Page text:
• 2 min read



The Goto Islands are located about 100 km west of Nagasaki City and are home to one of Japan’s rarest udon noodles: goto udon. Traditionally, udon is made from just three ingredients: wheat flour, water, and salt. However, goto udon uses camellia oil as a special fourth ingredient.

The Camellia Japonica plant grows along streams in the mountains of Japan and has tall, dark leaves from which bloom deep pink flowers with bright yellow centers. Camellia Japonica also produces the oil that is the secret behind the silky yet chewy texture of goto udon

Goto udon is repeatedly hand-twisted and pulled in a traditional method called “te-yori” which results in its characteristic soft and springy texture. Compared to regular udon which is slightly rectangular, goto udon is almost perfectly cylindrical, resulting in a slippery mouthfeel. Camellia oil is added to smooth the surface of the dry noodles in a process called“migaki” (literally “polishing”) - a technique that has been passed down over centuries. Even after boiling, the faint taste and aroma of camellia oil lingers on the delicate noodles. 

Goto udon is traditionally servedJigoku-daki style, also known as “hell cooking”, wherein the noodles remain submerged in boiling hot water. For this recipe, we pair our goto udon with a simple dipping sauce consisting of mirin, soy sauce, and dashi. While delicious on its own, goto udon can be further elevated by topping with chopped green onions, grated ginger, dried bonito, and scrambled raw egg.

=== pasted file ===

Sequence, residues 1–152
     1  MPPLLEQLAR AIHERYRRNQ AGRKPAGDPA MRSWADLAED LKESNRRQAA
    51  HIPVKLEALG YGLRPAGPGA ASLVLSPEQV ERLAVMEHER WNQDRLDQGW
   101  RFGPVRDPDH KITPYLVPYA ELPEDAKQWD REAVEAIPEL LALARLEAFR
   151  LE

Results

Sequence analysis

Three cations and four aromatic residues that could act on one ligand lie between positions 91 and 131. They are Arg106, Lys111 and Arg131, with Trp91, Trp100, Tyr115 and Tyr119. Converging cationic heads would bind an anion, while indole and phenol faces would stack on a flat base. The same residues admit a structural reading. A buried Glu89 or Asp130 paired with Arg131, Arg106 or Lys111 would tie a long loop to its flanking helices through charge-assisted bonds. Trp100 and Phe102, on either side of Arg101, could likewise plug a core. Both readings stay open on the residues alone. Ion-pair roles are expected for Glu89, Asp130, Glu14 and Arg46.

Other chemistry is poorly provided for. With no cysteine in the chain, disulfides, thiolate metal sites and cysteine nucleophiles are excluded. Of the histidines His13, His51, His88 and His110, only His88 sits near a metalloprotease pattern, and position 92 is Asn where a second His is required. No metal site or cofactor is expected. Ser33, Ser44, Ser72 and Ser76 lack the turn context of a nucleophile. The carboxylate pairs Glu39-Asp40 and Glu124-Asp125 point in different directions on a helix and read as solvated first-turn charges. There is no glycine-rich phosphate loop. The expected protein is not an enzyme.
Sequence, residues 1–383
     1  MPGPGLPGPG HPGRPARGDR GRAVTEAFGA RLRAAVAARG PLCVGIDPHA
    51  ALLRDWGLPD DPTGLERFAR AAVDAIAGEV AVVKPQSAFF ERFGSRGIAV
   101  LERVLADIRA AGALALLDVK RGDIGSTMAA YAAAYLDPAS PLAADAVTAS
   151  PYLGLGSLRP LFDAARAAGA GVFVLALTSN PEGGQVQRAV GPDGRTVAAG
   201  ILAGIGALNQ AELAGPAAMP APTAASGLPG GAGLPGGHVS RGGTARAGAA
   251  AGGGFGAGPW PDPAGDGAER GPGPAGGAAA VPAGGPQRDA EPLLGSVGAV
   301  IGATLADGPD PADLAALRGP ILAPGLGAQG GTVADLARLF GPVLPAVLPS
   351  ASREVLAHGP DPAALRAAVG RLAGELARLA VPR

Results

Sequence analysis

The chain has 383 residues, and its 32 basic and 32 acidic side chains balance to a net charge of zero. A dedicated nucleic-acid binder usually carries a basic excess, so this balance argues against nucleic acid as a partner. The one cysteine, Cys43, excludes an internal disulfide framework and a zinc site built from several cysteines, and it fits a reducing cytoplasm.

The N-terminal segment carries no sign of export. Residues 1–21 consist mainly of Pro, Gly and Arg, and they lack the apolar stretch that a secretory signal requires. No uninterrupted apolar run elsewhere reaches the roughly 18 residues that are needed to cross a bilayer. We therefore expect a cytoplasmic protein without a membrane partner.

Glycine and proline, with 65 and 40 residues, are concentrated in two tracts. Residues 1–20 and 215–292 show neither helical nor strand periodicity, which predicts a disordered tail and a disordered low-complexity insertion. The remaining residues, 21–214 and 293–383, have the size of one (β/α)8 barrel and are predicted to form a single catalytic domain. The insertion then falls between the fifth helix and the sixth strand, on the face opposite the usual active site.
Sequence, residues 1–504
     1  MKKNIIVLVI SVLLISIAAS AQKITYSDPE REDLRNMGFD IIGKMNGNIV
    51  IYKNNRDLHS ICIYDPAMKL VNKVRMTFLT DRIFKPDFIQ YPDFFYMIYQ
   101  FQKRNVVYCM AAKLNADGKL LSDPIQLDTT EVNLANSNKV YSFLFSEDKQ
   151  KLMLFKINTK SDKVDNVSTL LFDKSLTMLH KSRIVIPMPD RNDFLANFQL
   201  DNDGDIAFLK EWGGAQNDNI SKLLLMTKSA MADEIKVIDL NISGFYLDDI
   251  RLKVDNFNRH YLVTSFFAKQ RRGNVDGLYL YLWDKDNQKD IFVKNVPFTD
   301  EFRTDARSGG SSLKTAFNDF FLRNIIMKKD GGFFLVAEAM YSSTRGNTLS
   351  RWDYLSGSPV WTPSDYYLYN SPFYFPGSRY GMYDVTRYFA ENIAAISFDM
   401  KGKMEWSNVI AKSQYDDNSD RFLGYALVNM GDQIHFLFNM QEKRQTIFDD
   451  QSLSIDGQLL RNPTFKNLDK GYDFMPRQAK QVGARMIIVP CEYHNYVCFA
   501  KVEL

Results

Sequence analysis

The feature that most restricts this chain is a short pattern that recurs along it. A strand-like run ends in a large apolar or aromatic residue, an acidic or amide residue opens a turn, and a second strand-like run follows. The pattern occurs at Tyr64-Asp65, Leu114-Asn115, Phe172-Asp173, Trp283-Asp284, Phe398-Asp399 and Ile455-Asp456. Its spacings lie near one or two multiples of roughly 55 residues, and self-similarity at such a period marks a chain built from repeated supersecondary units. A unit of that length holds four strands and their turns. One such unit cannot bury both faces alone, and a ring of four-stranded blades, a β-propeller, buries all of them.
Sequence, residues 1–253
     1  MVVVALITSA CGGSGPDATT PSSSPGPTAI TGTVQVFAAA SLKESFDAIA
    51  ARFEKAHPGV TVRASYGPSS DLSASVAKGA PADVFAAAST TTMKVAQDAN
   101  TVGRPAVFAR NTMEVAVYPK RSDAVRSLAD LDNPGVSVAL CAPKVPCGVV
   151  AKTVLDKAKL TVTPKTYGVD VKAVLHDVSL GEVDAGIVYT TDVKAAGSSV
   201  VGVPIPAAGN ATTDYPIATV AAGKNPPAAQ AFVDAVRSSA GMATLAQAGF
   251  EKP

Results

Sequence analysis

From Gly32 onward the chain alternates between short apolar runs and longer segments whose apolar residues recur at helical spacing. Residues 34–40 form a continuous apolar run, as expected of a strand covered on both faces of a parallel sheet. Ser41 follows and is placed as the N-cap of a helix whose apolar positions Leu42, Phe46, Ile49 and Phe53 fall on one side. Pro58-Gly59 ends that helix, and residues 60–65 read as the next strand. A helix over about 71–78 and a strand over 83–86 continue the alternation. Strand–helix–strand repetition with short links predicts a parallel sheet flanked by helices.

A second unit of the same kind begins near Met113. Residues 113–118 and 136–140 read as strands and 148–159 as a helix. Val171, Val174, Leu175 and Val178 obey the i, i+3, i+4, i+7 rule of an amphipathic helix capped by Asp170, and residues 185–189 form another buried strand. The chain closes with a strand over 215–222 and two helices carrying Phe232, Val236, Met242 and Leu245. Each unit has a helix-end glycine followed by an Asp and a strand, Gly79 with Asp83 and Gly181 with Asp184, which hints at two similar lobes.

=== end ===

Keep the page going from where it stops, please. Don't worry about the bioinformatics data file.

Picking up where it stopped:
• 1 package goto udon 
  • Water to boil the noodles in

Dipping sauce:

  • 4 tbsp mirin
  • 2 tbsp soy sauce*
  • 2 tbsp soda bushi dashi powder
  • Optional toppings: chopped green onions, grated ginger, dried bonito, scrambled raw egg (if permitted to be safely eaten)


  1. Boil water in a donabe or pot on the stove. Slowly add the Goto Udon noodles to keep them from sticking. Once the water has boiled again, adjust the heat to keep at a gentle boil and cook for 7 mins. Drain and rinse under water. Serve in the donabe or large serving bowl.
  2. To create the dipping sauce, mix mirin, soy sauce and dashi powder and serve in individual bowls. Add optional toppings as desired.
  3. Enjoy immediately by scooping an individual mouthful of noodles out of the communal donabe or bowl using chopsticks and dipping it in your dipping sauce.  

*Available in our Creative Beginnings: Redefining “Wa” Care Package


Introduction courtesy of Britney Budiman

Britney Budiman

Britney Budiman (@booritney) is a writer, minimalist, aspiring effective altruist, and runner-in-progress with a penchant for saying “yes.” Previously, she has worked in Cambodia at a traditional arts NGO, in Brazil as a social sciences researcher, and in San Francisco at a housing start-up. She currently lives in the countryside of Kagoshima, Japan, where she teaches English. Her favorite thing in the world is good conversation.

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